Preservation of the Northern Michigan Asylum

One of the highlights of my recent trip to Traverse City was visiting The Village at Grand Traverse Commons.  The built heritage preservation and adaptive reuse of the buildings contained in the 63 acre site is amazing and serves as a reminder of the possibilities encompassed by built heritage.  The Village is built on the site that was home to the Northern Michigan Asylum, later known as the Traverse City State Hospital from 1885-1989. 

The site comprises a large complex of buildings, with the main building being surrounded by cottages and smaller out buildings.  The main building (Building 50) is the last remaining Kirkbride style building in Michigan and large portions of it have been renovated and turned into public and private spaces.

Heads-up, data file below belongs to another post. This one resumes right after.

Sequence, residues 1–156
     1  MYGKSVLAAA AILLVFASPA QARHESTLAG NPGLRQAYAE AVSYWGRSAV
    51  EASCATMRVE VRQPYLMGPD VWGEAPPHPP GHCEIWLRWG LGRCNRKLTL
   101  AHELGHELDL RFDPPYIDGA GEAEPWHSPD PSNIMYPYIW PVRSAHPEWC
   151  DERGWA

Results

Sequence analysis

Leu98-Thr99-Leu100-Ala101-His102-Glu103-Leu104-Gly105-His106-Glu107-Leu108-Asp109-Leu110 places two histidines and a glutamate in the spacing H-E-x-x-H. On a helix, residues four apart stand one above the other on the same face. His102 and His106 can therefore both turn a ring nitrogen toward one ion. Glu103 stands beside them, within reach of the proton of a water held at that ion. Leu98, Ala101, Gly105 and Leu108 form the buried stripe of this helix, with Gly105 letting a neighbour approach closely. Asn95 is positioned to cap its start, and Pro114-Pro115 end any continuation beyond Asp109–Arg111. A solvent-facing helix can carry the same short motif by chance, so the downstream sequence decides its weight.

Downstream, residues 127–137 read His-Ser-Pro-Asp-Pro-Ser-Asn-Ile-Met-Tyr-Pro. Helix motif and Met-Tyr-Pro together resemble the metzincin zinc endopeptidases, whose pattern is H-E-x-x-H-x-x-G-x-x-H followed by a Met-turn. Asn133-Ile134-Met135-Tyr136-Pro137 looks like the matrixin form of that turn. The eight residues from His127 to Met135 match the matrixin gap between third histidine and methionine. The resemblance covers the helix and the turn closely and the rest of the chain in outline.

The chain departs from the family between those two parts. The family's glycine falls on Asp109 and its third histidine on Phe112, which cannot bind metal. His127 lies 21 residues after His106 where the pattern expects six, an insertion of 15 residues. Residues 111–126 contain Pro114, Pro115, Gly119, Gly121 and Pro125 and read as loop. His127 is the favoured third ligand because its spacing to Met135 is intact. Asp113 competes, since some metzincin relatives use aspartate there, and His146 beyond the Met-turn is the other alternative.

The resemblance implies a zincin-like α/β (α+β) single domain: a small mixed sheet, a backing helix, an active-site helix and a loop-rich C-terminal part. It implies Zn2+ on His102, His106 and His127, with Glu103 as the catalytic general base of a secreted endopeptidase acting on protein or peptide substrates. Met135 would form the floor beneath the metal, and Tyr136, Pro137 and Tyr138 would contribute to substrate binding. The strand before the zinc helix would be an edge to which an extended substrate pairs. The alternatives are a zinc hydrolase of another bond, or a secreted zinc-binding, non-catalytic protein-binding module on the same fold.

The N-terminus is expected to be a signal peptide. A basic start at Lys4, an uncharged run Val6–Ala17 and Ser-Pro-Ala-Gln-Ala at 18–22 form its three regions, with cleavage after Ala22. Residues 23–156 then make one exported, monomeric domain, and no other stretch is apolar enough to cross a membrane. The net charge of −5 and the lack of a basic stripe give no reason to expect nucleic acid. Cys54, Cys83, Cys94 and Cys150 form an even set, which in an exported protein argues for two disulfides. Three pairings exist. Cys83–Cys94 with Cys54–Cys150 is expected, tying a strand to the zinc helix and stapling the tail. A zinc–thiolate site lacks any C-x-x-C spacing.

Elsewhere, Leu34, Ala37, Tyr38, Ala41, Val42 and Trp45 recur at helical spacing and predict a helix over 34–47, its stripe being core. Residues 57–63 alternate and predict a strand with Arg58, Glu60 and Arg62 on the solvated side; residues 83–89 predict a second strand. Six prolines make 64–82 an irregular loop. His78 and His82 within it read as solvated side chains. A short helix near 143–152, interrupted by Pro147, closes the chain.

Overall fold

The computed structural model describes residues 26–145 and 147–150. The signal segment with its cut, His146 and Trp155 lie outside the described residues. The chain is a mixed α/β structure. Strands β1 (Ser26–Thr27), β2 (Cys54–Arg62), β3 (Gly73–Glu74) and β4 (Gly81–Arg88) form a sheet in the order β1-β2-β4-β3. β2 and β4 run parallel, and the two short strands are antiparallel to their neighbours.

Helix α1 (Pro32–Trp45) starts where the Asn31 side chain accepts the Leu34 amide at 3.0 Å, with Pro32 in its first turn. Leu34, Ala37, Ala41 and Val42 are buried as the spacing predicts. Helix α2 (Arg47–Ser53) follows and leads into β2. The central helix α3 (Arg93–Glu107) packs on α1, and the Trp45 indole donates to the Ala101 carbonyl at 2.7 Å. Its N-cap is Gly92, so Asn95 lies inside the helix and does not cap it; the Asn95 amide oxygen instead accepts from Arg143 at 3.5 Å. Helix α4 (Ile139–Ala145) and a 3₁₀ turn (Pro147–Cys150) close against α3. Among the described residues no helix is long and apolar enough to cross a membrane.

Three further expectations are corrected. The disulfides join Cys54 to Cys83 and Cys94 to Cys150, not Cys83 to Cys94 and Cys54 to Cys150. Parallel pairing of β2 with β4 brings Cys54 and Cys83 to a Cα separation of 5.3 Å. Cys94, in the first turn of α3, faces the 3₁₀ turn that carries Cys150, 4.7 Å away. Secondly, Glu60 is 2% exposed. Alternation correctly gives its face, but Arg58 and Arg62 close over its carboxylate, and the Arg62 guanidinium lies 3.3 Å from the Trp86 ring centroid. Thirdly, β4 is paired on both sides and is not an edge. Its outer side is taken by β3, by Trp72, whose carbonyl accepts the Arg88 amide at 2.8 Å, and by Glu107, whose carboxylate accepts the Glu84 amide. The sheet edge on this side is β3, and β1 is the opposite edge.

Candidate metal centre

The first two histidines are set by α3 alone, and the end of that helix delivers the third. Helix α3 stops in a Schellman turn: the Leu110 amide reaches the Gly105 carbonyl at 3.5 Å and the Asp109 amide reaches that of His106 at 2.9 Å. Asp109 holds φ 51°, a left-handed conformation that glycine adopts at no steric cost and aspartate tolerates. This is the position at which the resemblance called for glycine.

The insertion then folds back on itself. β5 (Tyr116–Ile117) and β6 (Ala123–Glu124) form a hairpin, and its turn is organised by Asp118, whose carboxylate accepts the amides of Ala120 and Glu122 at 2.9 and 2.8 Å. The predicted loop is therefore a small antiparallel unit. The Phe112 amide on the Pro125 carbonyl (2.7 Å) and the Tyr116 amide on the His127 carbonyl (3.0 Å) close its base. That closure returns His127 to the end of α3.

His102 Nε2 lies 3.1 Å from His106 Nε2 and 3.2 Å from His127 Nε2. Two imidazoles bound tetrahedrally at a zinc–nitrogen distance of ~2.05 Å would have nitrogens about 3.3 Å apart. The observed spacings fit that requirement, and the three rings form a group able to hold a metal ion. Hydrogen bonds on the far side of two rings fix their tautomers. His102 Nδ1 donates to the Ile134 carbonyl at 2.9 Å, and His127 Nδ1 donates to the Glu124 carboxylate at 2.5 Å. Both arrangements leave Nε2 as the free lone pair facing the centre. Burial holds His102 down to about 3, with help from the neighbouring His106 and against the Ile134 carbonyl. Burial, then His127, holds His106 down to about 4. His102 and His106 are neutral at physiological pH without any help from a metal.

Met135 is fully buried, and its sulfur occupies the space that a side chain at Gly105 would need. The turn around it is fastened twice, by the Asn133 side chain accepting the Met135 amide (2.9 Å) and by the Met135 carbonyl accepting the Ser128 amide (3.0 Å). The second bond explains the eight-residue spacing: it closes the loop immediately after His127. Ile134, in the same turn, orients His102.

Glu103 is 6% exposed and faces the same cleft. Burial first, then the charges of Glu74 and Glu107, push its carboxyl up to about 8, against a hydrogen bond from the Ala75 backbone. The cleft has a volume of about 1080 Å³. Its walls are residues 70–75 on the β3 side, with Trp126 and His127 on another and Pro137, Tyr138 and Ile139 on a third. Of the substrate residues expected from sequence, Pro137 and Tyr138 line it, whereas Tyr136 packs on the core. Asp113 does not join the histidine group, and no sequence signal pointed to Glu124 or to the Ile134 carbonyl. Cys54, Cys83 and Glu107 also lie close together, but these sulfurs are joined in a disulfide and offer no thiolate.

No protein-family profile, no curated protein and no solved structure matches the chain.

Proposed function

The renovated building features a Mercato market space which features shops, restaurants, and  hallways filled with artwork.  The building also includes a number of residential spaces and office space.  During my visit the space was also home to an indoor farmers market.  The variety of adaptive reuse options that have been used on this one building are amazing, historical spaces have been converted to a variety of modern uses that have broad appeal and sustainability. 

In addition to the amazing adaptive reuse the site is located amongst 480 acres of preserved parkland.  The village grounds also contain a  heritage arboretum.  This arboretum developed out of Dr. James Decker Munson’s belief in beauty is therapy, which resulted in a variety of beautiful trees being planted around the Hospital. It’s nice to see a space preserving aspects of the natural landscape which complement the built heritage features.  

Overall, the site is an amazing preservation project that has garnered tremendous local support and inspired contemplation of the history of the site.  Visitors to the Village can’t help but notice the rich history of their surroundings.  During our visit I heard more than one person talking about the social history of the site and explaining aspects of the local history–the space is a great model for communities looking to reinvigorate unused heritage buildings.